NOT a food blog
The restaurant was as authentic as it could get. From fake plastic flowers in cheerful reds and yellows that guaranteed eternal spring to Thai speaking waitresses who whispered conspiratorially upon learning that I wasn’t Thai (my two mates consisted of a pale faced Aussie and the Hairy Weekend B^*ch©, both of whom bore very little resemblance to anything Thai), it was almost as if I was transported to the northern country above our peninsular.
Back home, Bald Eagle was aghast. “You brought an Aussie tourist to a Thai restaurant??”
“Yep. It’s in Malaysia, mah.”
“You’re so not gonna get the award for Malaysian Food Ambassador.”
“Well dear, let’s just say he’s never gonna eat Thai again,” I replied sweetly with a flutter of the eyelashes. The devil’s advocate comes in many forms.
The pad thai was good – thin strands of rice noodles, almost translucent, stir fried with bean sprouts, cubed tofu, spring onions and served with peanuts. It wasn’t heavy at all.
I had never heard of kerabu babi before and was keen to try it. The sliced pork was stir fried in a spicy sauce, and then tossed in lime juice, and served with raw vegetables. It was interesting…the first impact was the strong citric taste, and then the pedas (hot) effect. I’m not sure what went into the marinade, and I couldn’t very well ask anyone because of the language disparity, but suffice to say that this was extremely delicious.
Another great dish was the tom yam. We requested for “less spicy”, but I’m guessing that they didn’t understand what we meant. The soup was thick and full of flavour from the seafood (loads of prawns and clams) and exuded the rich, intense aroma of all the different ingredients. BUT. It was extremely pedas! I kept running back and forth, doing jumping jacks and washing my face in my attempt to overcome the discomfort I was feeling. James, on the other hand, didn’t bother touching it after seeing our (my) reaction. The Weekend B^*ch© did a great job in maintaining decorum, but he couldn’t hide the beads of sweat on his forehead despite the airconditioning and the numerous fans pointed in our direction.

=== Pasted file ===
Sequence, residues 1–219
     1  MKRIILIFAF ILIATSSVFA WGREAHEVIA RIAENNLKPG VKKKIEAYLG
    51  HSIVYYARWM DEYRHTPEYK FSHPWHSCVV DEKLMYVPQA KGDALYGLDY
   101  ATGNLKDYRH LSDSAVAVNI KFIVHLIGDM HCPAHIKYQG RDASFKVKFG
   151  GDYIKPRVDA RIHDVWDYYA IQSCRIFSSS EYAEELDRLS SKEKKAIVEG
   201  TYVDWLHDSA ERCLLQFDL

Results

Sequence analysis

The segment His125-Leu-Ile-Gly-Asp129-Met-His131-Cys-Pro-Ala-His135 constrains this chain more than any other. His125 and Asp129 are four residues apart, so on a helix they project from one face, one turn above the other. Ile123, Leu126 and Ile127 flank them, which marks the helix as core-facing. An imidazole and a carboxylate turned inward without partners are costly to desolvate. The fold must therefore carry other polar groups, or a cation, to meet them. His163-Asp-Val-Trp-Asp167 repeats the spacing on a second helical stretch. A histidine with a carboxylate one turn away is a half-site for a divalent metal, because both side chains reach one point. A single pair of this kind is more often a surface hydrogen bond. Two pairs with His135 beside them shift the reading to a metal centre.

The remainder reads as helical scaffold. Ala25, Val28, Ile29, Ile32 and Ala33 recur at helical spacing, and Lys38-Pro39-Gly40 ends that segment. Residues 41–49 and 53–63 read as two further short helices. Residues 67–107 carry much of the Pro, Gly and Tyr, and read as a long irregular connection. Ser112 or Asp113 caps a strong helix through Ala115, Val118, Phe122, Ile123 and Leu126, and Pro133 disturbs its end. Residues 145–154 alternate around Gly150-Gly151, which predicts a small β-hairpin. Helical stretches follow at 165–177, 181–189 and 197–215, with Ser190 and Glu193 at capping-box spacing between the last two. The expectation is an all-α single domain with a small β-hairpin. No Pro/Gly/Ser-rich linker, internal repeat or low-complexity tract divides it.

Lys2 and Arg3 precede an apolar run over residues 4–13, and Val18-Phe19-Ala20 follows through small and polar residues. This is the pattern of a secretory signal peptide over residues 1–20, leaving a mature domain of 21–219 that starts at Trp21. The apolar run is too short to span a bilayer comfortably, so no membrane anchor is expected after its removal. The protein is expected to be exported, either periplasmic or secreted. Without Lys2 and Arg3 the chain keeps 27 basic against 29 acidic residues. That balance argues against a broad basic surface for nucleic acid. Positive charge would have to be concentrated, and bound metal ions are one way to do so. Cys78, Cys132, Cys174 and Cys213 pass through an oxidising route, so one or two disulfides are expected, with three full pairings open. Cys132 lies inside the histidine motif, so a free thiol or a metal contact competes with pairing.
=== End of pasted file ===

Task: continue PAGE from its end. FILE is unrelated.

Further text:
“Make it end, make it end!” my mind screamed; it was as though the fire of hell was burning from the esophagus all the way to my stomach. But the torture didn’t end. At first bite, the som tam tasted wonderful….crunchy (peanuts, shredded green papaya) —> sour (green papaya, lime juice, fish sauce) —> savoury (crisp dried shrimps) —> AAARGGGHHHHH SPICAYYYYYY!!! I almost died at this point.
…..sweet relief. Yes, as authentic as it could get.
An experience not for the fainthearted. But very good, nevertheless.
Like childbirth*, I think I have forgotten what it felt like and am dying to return to this torture chamber again.
Total bill – a little over RM60 for 3 persons (inclusive of 3 Singha Beers).
For other reviews, see Cumi & Ciki.
Restoran Baan Nok (above Pasar Mini Thai Market Font)
43G, Jalan Pandan Indah 4/6B,
Opens daily, lunch and dinner.
Food, for me, is a means to an end and not an end in itself.
Food, for me, represents the love of family, the fellowship of friends, and the community and communality it brings.